August 25, 2010 Leave a comment
Uncertainty surrounding the outcome of the weekend’s federal election looks like having a depressing effect on share, money and real estate markets. The Australian dollar was already falling on early morning trade as Your Industry was being written.
With the coalition releasing its housing policy just one day before the election, and there being so little housing policy debate throughout the campaign, it could be some time before a degree of normalcy returns.
That, of course, depends entirely upon a smooth resolution of the current situation.
Both Labor and the Coalition are busy courting independent MPs and the Greens in order to form a Government. With The Greens likely to hold the balance of power, it may not be long before Bob Brown’s stated intention to demand a higher mining super profits tax becomes reality. Weeks before the election, sales were reported as having fallen by as much as 18 per cent in some mining towns, even after Labor’s hurried, reparative negotiations with mining companies, so property investment in Western Australia and Queensland may suffer further.
While reports of slower sales and hesitant buyers have dominated media recently, this is typical of the winter months and is likely a reflection of the wearing off of historic low interest rates as well as historic Government incentives and stimulus. You can’t have 20 per cent capital values growth in one year and no penalty in the following, on the back of a GFC and a housing market force fed on steroids. The market has to adjust and with the additional retarding effect of a federal election, any other outcome would see the bubble brigade gaining legitimacy.
While niggling uncertainty about world financial health continues, rightly or wrongly, the perception is that low unemployment, the minerals boom and China’s economic growth offset Australia’s risks. The RBA’s decision to keep rates on hold earlier this month has also helped, enabling the market to quickly adjust to real world rates being closer to 7.5 per cent.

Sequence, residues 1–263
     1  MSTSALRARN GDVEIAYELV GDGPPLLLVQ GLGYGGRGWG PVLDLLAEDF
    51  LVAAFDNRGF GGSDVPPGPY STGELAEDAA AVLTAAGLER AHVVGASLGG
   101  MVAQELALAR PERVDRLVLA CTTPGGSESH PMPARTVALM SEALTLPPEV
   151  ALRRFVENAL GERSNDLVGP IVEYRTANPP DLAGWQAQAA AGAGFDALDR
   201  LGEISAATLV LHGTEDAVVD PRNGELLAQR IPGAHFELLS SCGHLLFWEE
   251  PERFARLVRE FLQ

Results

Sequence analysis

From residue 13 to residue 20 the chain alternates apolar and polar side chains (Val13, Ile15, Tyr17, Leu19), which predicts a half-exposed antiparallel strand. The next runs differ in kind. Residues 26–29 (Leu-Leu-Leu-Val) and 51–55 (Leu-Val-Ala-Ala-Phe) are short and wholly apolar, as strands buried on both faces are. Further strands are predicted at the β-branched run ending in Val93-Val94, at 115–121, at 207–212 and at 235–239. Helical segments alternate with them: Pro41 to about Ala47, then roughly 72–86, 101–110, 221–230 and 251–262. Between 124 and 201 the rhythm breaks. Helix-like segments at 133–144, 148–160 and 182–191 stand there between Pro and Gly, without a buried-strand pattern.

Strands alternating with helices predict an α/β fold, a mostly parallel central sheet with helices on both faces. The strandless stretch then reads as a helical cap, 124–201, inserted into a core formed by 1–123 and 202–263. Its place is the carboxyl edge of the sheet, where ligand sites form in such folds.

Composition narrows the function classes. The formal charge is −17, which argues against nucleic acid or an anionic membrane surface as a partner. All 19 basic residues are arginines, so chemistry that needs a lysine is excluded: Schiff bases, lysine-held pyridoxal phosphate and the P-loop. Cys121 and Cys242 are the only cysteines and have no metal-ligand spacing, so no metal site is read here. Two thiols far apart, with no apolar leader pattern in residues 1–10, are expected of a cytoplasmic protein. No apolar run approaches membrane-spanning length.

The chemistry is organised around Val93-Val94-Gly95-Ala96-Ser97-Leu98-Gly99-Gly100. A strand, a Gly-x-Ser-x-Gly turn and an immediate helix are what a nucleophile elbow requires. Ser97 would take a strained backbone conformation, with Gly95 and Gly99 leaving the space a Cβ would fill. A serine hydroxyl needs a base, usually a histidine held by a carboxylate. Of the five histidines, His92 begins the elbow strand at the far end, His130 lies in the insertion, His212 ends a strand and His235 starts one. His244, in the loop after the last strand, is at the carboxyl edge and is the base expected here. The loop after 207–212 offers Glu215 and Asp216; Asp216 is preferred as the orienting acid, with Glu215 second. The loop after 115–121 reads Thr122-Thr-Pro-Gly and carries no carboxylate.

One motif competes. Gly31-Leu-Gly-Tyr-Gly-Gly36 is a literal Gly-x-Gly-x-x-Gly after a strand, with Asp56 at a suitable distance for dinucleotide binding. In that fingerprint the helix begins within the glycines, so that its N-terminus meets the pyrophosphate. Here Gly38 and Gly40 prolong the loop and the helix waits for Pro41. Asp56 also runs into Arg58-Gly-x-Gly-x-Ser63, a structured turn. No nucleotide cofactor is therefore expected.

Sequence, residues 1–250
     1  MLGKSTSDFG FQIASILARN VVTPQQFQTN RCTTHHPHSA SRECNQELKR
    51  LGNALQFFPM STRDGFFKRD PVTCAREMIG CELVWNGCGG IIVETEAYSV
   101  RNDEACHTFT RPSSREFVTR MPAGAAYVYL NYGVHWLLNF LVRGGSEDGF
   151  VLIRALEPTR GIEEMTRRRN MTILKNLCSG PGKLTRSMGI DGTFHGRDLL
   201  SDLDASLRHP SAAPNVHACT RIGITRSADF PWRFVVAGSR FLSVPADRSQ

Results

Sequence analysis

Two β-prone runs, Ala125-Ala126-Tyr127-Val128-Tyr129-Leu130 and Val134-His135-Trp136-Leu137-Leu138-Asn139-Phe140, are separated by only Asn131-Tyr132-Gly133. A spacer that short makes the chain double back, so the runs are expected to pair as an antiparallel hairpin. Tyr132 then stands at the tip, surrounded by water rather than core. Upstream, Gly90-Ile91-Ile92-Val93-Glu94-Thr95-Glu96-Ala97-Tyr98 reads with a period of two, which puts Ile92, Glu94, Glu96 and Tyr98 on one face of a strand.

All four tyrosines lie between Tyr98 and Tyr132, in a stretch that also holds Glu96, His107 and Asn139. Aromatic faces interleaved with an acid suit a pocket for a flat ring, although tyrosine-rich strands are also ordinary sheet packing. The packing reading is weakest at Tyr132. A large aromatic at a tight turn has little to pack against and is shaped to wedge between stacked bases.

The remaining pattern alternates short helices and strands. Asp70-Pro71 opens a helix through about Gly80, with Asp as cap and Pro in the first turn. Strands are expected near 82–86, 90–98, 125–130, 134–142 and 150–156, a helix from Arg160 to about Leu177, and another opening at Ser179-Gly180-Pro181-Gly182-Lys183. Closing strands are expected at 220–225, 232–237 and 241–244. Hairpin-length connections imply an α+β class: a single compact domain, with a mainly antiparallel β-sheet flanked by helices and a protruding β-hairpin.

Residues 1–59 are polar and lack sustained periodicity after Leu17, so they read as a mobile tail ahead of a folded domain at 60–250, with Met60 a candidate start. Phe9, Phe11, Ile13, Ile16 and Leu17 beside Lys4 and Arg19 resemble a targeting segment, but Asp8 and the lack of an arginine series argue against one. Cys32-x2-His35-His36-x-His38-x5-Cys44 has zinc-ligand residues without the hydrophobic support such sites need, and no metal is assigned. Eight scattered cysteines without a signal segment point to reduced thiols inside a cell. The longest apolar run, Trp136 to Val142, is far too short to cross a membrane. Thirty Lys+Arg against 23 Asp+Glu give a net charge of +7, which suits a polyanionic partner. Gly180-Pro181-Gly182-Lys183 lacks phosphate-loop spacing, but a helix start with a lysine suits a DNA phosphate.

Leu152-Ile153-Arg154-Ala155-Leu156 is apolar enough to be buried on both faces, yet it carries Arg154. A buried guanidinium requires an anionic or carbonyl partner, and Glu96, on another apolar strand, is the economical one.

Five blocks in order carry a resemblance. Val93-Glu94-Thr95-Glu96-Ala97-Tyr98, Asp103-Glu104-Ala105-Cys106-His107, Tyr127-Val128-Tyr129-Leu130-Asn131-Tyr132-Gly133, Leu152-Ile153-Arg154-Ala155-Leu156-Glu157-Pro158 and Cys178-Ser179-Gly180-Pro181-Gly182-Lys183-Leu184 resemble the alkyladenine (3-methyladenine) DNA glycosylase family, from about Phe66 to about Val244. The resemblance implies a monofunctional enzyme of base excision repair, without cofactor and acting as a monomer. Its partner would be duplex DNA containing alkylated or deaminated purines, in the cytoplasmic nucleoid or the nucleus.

Headlines about lower auction clearance rates don’t necessarily accurately reflect the true state of the market. The Australian Bureau of Statistics indicated that there was a 2.3 per cent rise in May loan approvals and in July first homebuyer mortgages were up from 9.5 per cent to 11.1 per cent –indicators that don’t look too shabby at all.
The combined national rise left loans up 1.9 per cent, the first such increase in eight months – a good harbinger for spring.
Valuer Herron Todd White’s August review might have had some journalists thinking agents should be running a bath and looking for a toaster. Fundamentally, it indicated fewer properties were for sale, more were being sold by private treaty and things were taking longer to sell. Once again, a quiet market is common in winter and the quieter the market and the fewer the listings, the more likely a spring surge of listings and activity becomes.
HTW indicated a slight August fall in values in the prestige Melbourne markets and the under $600,000 segment in Brisbane was thought to be driving the overall market. Perth’s median has again fallen below $500,000 but prestige sales have been so limited that it is impossible to draw a conclusion as to what’s happening there. Darwin prestige units have stabilised but houses over $1m are thinly traded. Hobart sales are slow, but no more so than normal for this time of year. Adelaide showed some minor growth in the June quarter.
In all cases it seems quality property is moving but secondary property is taking longer to find buyers – again, unsurprising in winter. Overall, there are positive indications that once the winter chill and political impasse are history, there could well be a groundswell of vendors ready to sell on the spring market. First homebuyers are likely to make a return however investors may, depending on the political landscape, be less inclined to invest in the traditionally high return mining markets.